At IAB Programmatic Symposium, digital advertising looks to grow up
The industry organization promotes the new name of ‘automation,’ a new framework and a new urgency as brands proclaim: ‘Enough is enough.’
“Like Tom Hanks [in the movie ‘Big,’], we have to grow up.”
That’s how Michael Barrett, president and CEO of ad tech firm Rubicon Project, described the central task of digital advertising in his keynote address this week at the Interactive Advertising Bureau’s (IAB) Programmatic Symposium in New York City.
About 80 percent of all online advertising is now programmatic, a status that would be cause for celebration of technological progress in any other industry.
But, as Barrett and other speakers pointed out, any other industry wouldn’t have brands wondering how much their ads actually cost, if their ads are seen by humans, or whether their ads were actually delivered to the right places.
After a decade of growth, the consensus at the Symposium was that programmatic ads need to start acting like adults, which means taking responsibility for their behavior.
Barrett referred several times to what may have been a turning point, a speech earlier this year at another IAB conference when Procter & Gamble Chief Brand Officer Marc Pritchard lambasted the programmatic ad industry.
“Enough is enough,” Barrett said, adding that “core basics are now table stakes.”
One of those basics, he pointed out, is that “you shouldn’t have to be a rocket scientist to understand” what is happening in a programmatic platform.
IAB President and CEO Randall Rothenberg noted that “one of the biggest problems is the technical ignorance of marketers.” There wasn’t much seconding by ad tech companies, although many probably feel that way.
On the other hand, some brands may be wondering: why does the customer have to learn tech-speak to make a purchase?
One reason marketers have difficulty understanding the programmatic system, AOL President of Platforms Tim Mahlman told the Symposium, is that “we go out of our way to make [the system] more complex for marketers.” And someone else noted, “There are too many companies between brand and advertiser.”
Language to improve clarity is very much on the mind of the IAB, which announced that it has decided to re-label “programmatic” as “automation.” Of course, that could collide with the ways that “automation” has and is being used to describe marketing platforms.
IAB also released a handout for “An Evolving Framework for Advertising Automation.”
The basic aim of the Framework is to “provide a common vocabulary and structure” to support such interactions as conversations, benchmarking and evaluation.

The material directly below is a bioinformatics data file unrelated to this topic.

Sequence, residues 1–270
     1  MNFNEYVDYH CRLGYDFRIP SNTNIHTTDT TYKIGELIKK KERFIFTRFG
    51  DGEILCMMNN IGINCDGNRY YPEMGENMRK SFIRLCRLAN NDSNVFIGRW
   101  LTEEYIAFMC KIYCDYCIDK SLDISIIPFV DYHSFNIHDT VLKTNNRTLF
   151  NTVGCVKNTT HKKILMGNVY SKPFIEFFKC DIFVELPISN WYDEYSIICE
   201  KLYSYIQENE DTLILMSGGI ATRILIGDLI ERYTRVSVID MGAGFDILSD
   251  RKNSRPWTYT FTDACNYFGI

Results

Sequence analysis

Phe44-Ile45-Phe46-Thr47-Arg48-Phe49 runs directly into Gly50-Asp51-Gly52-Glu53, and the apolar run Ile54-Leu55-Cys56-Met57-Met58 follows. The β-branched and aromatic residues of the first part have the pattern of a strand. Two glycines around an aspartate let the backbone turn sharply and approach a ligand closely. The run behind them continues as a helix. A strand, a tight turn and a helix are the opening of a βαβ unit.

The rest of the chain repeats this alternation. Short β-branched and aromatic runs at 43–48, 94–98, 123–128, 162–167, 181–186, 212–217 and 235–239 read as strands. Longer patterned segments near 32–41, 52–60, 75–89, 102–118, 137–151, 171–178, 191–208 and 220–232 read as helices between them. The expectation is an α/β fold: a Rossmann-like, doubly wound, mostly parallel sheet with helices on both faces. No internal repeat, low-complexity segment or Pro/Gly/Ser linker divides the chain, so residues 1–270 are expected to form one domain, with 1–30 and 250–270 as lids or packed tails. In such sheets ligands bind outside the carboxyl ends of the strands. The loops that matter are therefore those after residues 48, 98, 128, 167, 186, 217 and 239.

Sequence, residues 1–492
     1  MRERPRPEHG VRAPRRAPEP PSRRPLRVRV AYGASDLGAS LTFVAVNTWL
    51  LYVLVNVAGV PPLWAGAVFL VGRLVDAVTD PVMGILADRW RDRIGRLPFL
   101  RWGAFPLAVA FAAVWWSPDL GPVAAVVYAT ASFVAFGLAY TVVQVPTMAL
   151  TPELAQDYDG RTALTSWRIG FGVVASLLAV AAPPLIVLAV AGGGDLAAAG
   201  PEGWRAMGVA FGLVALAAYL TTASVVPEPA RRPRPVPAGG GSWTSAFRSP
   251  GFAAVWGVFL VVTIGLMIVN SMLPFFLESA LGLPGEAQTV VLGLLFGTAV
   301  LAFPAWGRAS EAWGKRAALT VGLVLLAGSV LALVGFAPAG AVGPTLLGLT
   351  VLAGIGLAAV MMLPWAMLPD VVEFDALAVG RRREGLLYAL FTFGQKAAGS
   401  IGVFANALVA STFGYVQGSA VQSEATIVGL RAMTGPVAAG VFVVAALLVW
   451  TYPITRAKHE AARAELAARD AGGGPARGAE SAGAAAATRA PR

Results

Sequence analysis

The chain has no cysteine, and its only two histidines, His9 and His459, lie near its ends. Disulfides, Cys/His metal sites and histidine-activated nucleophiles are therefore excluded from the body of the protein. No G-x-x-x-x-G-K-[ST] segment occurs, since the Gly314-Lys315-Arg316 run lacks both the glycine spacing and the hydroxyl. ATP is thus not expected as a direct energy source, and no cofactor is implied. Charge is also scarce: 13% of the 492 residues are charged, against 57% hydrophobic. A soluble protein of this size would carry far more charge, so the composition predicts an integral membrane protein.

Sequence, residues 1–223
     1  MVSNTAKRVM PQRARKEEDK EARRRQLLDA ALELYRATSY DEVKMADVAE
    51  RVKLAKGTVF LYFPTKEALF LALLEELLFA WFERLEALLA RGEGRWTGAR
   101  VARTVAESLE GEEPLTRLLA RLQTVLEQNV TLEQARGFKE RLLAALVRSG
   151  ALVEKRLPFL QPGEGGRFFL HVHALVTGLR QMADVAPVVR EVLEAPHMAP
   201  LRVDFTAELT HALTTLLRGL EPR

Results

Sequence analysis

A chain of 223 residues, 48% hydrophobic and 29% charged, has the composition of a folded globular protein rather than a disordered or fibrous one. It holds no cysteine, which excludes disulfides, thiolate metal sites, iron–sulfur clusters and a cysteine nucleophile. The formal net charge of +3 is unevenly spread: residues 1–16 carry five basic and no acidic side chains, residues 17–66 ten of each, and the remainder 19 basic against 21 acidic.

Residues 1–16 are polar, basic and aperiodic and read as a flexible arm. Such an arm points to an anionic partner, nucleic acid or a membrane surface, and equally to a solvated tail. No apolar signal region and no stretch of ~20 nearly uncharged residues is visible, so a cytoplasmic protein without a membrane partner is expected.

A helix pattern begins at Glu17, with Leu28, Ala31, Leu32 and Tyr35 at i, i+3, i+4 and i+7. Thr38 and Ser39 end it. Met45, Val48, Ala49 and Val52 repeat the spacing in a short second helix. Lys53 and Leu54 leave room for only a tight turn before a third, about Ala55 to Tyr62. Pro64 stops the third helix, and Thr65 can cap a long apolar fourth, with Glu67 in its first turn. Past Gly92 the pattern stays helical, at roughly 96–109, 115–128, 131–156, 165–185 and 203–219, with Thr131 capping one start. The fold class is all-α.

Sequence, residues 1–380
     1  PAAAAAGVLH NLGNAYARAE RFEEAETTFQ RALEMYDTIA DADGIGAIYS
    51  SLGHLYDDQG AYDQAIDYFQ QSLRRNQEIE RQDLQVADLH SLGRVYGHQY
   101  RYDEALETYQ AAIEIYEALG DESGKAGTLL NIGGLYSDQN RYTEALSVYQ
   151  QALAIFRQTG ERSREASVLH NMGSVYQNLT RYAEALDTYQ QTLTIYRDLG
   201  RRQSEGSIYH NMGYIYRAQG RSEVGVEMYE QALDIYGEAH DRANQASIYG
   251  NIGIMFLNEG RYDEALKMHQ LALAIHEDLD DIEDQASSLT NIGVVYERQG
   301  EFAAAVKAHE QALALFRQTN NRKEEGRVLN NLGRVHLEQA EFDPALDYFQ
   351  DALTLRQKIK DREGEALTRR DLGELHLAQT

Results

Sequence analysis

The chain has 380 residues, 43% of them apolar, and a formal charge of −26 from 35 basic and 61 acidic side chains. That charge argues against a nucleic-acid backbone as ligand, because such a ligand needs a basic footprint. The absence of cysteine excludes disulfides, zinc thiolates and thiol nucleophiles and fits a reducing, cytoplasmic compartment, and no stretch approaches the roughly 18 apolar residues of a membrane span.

And the Framework proposes that the steps in programmatic advertising be simply called Planning, Deciding, Transacting, Delivering and Optimizing.
Clarity of language could help the programmatic industry “do what we say we do,” another of the core basics of adulthood laid out by Rubicon’s Barrett. For instance, he said, some people who say they are in the data business are really in the media business.
Waiting around the corner
And then there is the matter of what the costs of digital ads actually are. The brand pays, say, $10 for an ad buy, and the publisher gets, say, $4. Where does the other $6 go?
One audience member insisted that ad tech companies can’t itemize the difference easily, implying that the true percentage taken by the programmatic ecosystem would shock brands. And, he said, ad tech firms can’t readily reduce their pricing, since many are not yet profitable.
Other suggestions to help the industry mature include more efforts to identify bad actors (such as wider membership in the Trustworthy Accountability Group); payments on time across the ecosystem; and a wider consideration of open-source software.
The increasingly popular header bidding was cited for its potential to “force transparency,” even though others pointed out that it can also make inventory fraud easier. Blockchain-based ad ecosystems may make transparency a system requirement, and the IAB Tech Lab’s newly announced ads.txt can help combat the sale of counterfeit inventory.
But waiting just around the bend to possibly complicate the maturing of the ad tech industry are the General Data Protection Regulation (GDPR), the evolution of connected TV and Over-the-Top TV (possibly into ATSC 3.0), and increasingly programmatic out-of-home digital displays like digital billboards.
With all of this self-doubt and blaming, it’s no wonder that, as one Symposium participant put it, the IAB event was “like therapy.”
But that seems appropriate for an industry that’s trying to come to terms with adulthood.
As any good therapist will tell you, recognizing that you have a problem — and describing it — are always the first steps.
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